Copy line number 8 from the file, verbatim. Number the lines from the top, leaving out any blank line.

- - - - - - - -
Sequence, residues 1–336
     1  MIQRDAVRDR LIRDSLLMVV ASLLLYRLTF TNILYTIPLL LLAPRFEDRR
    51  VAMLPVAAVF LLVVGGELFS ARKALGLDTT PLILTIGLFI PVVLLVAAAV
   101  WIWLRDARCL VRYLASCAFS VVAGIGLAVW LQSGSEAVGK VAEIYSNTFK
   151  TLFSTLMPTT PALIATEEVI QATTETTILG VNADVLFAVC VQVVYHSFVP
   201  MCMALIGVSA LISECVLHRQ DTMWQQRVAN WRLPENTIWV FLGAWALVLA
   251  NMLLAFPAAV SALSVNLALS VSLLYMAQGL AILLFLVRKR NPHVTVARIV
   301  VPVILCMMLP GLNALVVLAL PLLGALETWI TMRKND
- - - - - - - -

   301  VPVILCMMLP GLNALVVLAL PLLGALETWI TMRKND